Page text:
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space of the principal furnace; but such a practice is now generally abandoned, and distinct furnaces or ovens, arranged and fired according to the necessities of the case, are provided instead. In the manufacture of common bottle glass, however, for which highly impure materials are used, it is still the practice to prepare a frit in a side arch occasionally attached to the melting furnace.

section. A is the melting compartment, B the refining | facture. These were heated by flues leading from the firecompartment, and C the working-out compartment. The compartment A is fed with raw material (or batch) through the door D at the back end of the furnace; it is separated from the compartment B by the floating bridge E, under which the partially melted glass passes to reach the latter. In the compartment B the metal, by the influence of the higher temperature maintained on its surface, is com pletely purified, and sinks to flow under the bridge F in a complete workable condition. Suitable provision is made, by means of air-passages, to keep the sides of the tank of the requisite temperature to prevent any egress of glass through them, and the floating bridges E and F are renewed as often as necessary. The regenerative gas furnace is employed, and the gas and air ports H H', leading from the regenerators II' respectively, are arranged along each side of the tank, so as to cause the flames to play across the furnace. The temperature of the different parts is regulated according to the various stages of preparation of the glass in the several compartments, this regulation being effected by constructing the gas and air ports of larger dimensions, or increasing their number, where the greatest heat is required; it is also facilitated by means of division walls (not shown in the figures) which may be built over the floating bridges to separate the compartments. The temperature of the working-out compartment C is controlled by regulating the draught of the furnace chimney, by diminishing which more or less flame must necessarily pass from B over the floating bridge Finto C, and through the working holes M. The principal advantages resulting from the use of the continuous melting furnace are the following:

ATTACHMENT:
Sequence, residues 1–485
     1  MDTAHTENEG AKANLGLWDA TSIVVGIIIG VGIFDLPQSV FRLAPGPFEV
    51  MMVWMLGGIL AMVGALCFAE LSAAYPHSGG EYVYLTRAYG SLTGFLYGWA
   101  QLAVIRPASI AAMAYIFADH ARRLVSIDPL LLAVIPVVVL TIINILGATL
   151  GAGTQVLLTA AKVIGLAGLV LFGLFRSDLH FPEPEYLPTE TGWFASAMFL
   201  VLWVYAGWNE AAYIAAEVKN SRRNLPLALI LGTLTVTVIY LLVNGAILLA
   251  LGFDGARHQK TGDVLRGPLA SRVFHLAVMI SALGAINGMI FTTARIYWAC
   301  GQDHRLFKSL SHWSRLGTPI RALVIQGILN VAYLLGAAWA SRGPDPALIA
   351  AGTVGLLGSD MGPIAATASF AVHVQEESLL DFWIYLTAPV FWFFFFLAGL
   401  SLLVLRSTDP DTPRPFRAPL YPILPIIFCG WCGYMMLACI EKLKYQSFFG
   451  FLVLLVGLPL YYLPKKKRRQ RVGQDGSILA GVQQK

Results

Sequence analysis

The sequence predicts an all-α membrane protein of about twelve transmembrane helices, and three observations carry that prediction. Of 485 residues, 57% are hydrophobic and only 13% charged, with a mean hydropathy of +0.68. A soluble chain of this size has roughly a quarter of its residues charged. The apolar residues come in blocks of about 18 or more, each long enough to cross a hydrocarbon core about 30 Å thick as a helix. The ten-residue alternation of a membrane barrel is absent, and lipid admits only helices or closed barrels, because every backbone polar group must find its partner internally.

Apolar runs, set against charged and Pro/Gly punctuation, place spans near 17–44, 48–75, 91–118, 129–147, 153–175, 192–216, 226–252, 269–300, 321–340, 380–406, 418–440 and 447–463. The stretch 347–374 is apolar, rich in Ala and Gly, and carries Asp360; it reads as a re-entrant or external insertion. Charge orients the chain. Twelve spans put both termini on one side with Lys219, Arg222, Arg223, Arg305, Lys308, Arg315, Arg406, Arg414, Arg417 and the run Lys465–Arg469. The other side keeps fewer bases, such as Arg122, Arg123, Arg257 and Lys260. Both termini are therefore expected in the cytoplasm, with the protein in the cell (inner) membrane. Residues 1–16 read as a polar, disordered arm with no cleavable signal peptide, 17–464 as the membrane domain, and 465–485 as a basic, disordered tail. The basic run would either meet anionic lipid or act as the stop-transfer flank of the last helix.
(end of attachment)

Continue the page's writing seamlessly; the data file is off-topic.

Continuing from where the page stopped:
1. An increased power of production, as the full melting heat may be employed without interruption, whilst with the old method of melting nearly half time is lost by cooling and settling the metal, the working it out, and the re-heating of the furnace. 2. An economy in working, as only half the number of men are required for the melting operations.

3. A greater durability of the tank and furnace, owing to the uniform temperature to which they are subjected.

4. A much greater regularity of working, and more uniform quality of the product than in other furnaces.

5. For the manufacture of window glass, the compartment C may be so arranged that the blowers can work without interfering with the gatherers; this would do away with the separate blowing furnace now in use.

Although the Siemens regenerative gas firing is generally used with tank furnaces, that system is not essential to the successful working of tanks. Mr Archibald Stevenson of Glasgow has patented a tank furnace fired by common coal from one end, with working holes on the other three sides, 'and furnaces on this principle are worked in a perfectly satisfactory manner with much economy of coal and working satisfactory manner with much economy of coal and working room. Tank furnaces are used principally in bottle works and in the manufacture of rolled plate. The following statement shows the extent to which Siemens furnaces and tanks have been introduced by manufacturers.